Wednesday, November 30, 2016

John Paul Discusses Trailing Stops on E-mini S&P

Trailing stops - you may have heard the term before, but do you know what it actually means? More importantly, do you know how to use this technique as a safety net for each trade? A recent video published by John Paul explains how to use them in your trading:

As a trader, you've probably experienced a scenario where you're in a trade, hoping the profit target will be reached. It's going well - price is averaging .75 to about 1 point. Within the next two candles, you think that there's a good chance of profit. It's very tempting to lock in profit at 1 point. However, the rules of your trading method say to stay in the trade until the fourth candle. Two candles later, the trade is in the red and you wished that you had gotten out earlier. Then the stop loss is hit, resulting in a loss. A trailing stop is one way you may have been able to lock in some profit to turn that loss into a smaller loss or breakeven trade.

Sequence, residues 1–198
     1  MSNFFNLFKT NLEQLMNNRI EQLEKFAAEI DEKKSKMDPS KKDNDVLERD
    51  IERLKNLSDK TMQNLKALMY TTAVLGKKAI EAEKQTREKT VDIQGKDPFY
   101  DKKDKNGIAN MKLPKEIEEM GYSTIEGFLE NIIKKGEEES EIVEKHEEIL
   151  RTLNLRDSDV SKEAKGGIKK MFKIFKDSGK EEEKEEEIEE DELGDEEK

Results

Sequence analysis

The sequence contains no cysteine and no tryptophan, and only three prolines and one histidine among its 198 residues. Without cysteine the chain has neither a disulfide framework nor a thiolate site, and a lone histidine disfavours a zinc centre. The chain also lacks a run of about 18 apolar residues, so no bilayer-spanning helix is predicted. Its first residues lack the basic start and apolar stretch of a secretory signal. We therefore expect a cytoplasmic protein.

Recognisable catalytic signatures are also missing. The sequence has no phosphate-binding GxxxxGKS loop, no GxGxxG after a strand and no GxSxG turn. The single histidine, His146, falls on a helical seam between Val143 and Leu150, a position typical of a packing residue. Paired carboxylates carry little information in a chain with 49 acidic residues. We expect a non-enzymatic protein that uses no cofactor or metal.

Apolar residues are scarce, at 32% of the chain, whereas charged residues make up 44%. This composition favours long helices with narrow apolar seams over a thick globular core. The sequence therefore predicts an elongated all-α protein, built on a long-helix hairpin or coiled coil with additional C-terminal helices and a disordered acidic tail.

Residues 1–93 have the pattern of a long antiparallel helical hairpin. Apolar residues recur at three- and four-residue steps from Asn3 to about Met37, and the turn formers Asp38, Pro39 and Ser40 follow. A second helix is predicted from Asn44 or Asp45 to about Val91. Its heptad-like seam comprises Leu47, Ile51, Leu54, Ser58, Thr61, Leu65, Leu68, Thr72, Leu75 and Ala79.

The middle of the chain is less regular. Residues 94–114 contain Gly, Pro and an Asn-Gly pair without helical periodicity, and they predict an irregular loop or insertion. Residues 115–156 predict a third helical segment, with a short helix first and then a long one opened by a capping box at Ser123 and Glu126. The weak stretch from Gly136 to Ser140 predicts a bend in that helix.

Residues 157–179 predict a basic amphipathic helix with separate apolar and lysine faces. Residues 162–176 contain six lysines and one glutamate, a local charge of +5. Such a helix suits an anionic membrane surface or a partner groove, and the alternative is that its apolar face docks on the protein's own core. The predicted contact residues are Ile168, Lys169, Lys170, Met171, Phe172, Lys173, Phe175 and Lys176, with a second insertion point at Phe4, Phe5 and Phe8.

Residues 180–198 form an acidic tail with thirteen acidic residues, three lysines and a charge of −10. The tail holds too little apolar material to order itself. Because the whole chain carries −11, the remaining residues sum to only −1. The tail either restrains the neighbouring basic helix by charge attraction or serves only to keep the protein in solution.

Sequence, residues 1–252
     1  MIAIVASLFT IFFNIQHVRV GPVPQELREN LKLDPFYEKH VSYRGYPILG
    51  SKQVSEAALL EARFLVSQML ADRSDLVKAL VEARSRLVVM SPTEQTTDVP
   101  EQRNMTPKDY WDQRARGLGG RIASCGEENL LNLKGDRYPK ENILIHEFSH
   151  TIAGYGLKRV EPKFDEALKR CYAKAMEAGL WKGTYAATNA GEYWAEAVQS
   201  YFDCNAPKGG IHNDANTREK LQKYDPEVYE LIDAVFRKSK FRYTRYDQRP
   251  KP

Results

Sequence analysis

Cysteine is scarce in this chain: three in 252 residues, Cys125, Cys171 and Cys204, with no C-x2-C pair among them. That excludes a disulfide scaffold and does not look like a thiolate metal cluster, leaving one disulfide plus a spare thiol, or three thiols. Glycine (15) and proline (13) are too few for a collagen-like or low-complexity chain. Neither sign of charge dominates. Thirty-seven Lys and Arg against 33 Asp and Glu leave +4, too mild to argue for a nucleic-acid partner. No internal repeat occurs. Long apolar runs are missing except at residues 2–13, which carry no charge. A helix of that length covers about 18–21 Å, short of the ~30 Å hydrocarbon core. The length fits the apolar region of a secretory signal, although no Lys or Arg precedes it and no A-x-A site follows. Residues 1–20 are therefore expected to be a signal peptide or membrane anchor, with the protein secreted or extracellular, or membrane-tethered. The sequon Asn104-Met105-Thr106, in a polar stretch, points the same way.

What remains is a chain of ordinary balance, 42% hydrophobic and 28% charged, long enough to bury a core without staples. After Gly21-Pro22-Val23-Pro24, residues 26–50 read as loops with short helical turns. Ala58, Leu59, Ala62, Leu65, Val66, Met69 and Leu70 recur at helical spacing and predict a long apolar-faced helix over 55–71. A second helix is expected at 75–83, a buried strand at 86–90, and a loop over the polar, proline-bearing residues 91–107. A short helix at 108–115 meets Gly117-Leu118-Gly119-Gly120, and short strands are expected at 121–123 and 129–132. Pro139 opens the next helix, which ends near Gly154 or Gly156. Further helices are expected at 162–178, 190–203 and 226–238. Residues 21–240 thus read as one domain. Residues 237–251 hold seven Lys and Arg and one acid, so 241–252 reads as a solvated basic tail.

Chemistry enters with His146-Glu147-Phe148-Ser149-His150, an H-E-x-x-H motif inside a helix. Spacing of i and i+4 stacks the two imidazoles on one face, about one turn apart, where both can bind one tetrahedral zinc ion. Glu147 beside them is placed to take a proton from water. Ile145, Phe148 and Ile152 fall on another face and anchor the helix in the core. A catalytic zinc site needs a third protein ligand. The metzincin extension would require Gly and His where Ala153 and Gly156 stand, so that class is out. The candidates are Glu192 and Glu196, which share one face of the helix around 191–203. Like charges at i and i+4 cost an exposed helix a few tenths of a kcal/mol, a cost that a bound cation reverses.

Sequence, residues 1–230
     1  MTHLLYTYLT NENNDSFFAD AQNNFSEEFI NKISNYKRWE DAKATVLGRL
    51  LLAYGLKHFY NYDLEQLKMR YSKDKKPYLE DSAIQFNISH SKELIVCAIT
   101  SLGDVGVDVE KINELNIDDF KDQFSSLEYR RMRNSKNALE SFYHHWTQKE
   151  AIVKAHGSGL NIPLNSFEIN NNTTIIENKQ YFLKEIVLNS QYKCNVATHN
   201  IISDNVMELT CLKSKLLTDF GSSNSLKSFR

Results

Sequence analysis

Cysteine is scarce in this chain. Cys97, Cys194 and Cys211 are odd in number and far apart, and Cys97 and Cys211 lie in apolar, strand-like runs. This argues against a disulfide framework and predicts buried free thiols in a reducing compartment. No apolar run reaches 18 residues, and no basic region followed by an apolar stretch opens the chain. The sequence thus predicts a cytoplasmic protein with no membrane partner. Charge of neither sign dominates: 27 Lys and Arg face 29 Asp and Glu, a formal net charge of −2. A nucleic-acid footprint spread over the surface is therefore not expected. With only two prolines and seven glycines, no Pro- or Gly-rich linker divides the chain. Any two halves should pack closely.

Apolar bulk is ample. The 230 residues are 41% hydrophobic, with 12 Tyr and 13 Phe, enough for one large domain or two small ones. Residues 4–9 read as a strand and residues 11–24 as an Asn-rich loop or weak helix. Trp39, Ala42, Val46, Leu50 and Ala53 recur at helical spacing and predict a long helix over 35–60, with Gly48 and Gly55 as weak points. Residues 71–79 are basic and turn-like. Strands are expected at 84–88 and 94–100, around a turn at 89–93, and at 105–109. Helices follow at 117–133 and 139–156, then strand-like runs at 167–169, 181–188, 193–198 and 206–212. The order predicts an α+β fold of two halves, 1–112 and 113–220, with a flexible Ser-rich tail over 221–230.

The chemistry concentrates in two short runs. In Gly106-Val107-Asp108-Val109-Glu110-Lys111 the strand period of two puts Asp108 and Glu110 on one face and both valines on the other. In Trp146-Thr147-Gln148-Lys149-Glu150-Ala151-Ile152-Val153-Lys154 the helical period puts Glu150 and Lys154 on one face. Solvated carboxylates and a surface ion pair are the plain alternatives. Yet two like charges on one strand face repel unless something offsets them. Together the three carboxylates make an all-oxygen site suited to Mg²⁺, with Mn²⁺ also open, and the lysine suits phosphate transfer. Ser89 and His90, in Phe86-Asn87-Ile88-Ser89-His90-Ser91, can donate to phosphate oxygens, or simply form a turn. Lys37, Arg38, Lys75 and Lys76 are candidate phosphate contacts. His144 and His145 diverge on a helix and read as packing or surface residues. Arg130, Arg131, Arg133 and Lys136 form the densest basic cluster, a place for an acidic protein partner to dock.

The premise is simple: place a trade with two contracts instead of one. At a specific point when you're in profit territory, exit one of the positions. That leaves you at profit with one horse still in the race. Hopefully the other trade is a winner. If not, at least you made something on the profit and hopefully it was enough to cancel out the losing trade. To make it easy, you can exit the position at half of the profit target. Also, if you trade four contracts, you can do so with two of the contracts. A contract multiplier of two is easy to work with.

Not every trading method is suited for trailing stops. You need to use something that will get you in early, before the move. For example, the Roadmap, Atlas Line, and X-5 strategies taught in the Mentorship Program are designed to find trades early. This way, you can let the trailing stop ride the trade up or down, hopefully locking in profit. If you get in too late, the early exit may only be worth a couple of ticks. Also, be weary of broker commissions. Commissions are usually charged on a per-contract, per-trade basis. Check with your broker so you know the fees and account requirements for trading with multiple contracts.

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